Before the meeting, take time to research and find out about the individuals with whom you are meeting. Go into the meeting knowing something about the meeting participants. Where did they go to school? What are their activities / interests? What is their work history? The Internet is a powerful tool for this type of prep work. To win, you've got to do things that others are not doing.

Be Willing to Invest. Consider what you are willing to invest to get your foot in the door. If you have not ever done work for a large corporation, it can be difficult to get your foot in the door in a strategic partnership role. Consider offering resources, time or solutions to "prove" your value to buyers within the organization. I even have several colleagues that "invest" by connecting individuals within their network. This helps build others' networks and is a great way to "give back". Be willing to invest.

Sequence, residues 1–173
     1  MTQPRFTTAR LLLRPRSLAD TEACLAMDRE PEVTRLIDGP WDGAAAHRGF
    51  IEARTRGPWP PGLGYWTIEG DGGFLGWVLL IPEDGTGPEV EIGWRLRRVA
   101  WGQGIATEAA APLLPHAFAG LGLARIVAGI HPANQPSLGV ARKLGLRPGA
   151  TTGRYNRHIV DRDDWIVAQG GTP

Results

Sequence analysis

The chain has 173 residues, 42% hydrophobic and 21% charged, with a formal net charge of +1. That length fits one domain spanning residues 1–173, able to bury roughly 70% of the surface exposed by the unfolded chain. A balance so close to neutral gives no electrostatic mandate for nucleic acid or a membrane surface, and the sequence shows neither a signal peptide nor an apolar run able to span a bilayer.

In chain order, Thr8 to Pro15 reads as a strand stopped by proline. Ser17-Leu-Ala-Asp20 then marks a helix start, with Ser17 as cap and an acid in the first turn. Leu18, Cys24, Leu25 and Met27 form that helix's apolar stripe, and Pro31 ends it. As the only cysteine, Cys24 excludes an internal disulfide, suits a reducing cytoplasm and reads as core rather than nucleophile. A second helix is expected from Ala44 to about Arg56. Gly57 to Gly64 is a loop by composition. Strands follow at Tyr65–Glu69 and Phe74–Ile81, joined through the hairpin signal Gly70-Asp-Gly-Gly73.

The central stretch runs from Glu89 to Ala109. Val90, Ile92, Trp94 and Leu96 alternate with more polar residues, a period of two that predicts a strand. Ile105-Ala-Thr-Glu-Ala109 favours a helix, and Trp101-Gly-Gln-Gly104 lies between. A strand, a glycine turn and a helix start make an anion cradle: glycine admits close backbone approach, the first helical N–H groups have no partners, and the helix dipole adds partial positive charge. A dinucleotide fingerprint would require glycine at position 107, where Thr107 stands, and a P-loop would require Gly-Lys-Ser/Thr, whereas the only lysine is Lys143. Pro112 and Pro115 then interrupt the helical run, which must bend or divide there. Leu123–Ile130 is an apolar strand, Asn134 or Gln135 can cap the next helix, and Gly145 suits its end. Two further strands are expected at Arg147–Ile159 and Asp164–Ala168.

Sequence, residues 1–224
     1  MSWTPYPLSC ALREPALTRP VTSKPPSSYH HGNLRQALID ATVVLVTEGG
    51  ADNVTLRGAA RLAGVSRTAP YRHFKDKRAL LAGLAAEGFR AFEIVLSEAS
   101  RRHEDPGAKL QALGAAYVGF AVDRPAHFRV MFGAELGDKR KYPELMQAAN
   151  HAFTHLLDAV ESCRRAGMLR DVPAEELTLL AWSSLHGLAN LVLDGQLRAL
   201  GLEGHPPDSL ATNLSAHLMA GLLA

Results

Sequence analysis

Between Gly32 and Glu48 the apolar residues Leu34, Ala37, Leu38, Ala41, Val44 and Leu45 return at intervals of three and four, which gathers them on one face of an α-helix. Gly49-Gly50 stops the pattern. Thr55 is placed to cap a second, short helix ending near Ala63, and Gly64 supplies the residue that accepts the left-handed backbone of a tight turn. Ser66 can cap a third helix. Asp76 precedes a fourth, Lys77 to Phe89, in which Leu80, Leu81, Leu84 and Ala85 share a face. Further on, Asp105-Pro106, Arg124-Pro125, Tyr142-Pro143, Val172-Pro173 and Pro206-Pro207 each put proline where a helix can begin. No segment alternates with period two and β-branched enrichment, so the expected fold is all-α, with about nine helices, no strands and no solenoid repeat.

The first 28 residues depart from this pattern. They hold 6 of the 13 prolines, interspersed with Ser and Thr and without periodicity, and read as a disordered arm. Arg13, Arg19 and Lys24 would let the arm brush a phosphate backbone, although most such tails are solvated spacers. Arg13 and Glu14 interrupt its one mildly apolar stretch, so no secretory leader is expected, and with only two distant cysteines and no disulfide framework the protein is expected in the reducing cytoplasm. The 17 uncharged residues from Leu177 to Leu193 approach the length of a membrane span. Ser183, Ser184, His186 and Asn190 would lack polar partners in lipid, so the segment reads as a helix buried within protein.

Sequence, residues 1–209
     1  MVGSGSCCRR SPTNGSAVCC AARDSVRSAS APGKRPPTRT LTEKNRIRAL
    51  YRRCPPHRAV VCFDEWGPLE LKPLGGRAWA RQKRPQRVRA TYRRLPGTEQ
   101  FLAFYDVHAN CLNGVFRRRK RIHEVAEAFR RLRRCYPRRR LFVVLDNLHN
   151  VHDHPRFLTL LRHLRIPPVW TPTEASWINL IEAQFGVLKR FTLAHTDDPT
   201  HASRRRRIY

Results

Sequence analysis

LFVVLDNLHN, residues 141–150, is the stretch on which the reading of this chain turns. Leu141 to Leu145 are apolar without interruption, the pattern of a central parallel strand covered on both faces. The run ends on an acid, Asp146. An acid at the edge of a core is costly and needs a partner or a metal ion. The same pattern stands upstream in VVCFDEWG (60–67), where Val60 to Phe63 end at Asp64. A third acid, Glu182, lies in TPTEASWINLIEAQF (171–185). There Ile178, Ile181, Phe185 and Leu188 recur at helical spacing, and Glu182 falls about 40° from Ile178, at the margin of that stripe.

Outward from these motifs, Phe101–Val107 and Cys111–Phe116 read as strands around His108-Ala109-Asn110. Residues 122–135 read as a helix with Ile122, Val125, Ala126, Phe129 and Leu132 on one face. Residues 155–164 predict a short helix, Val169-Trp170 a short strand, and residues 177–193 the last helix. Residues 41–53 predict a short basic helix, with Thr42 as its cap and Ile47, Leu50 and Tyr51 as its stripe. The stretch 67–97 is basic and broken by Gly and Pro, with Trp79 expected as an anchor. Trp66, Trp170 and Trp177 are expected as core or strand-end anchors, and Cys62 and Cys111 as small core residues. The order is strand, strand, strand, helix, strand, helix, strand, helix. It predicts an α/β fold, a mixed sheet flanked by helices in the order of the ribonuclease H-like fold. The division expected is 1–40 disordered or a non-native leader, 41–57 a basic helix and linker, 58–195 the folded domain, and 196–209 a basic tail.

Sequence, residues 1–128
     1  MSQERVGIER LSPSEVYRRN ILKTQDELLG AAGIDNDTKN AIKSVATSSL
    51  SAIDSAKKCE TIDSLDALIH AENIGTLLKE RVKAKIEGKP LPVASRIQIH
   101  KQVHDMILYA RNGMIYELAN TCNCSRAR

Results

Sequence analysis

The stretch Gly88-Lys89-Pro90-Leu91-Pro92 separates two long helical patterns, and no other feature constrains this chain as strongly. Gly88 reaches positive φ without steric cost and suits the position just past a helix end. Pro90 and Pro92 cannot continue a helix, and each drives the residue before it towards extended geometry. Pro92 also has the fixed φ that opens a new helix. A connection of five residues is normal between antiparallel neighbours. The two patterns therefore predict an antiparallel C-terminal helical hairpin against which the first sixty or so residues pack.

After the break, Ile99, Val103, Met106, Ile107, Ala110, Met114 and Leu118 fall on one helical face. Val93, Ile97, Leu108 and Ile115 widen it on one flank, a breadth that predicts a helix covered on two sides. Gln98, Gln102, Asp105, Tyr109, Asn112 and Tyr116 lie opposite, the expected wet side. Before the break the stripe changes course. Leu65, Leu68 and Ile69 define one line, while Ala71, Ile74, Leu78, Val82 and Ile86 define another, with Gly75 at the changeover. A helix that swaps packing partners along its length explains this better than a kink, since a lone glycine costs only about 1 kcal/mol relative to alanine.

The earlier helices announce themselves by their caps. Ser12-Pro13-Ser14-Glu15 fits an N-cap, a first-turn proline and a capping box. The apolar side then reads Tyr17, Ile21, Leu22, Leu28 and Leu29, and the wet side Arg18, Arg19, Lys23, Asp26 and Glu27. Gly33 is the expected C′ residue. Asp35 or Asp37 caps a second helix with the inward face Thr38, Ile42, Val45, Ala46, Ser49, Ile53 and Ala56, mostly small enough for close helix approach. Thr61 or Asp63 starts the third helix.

First Impressions, Actions and Behaviors Have Consequences. Industry events, conferences and tradeshows are a great opportunity to meet and interact with business stakeholders. These are not necessarily open opportunities for "let-it-loose" activity. Recognize that many people do not want to get drunk, go out on the town, hit the clubs, and, and, and... This actually can be perceived as offensive and arrogant. It is important to recognize that actions and behaviors have intended and unintended consequences.

Be Prepared. I learned this concept when I was a Boy Scout. Not one Scout meeting went by without having to repeat this slogan over, and over...! Being prepared means having an agenda, distributing it prior to the meeting, ensuring that attendee lists are communicated ahead of the meeting (names, titles, roles), action items and key points are documented during the meeting and notes are distributed after the meeting. Own it.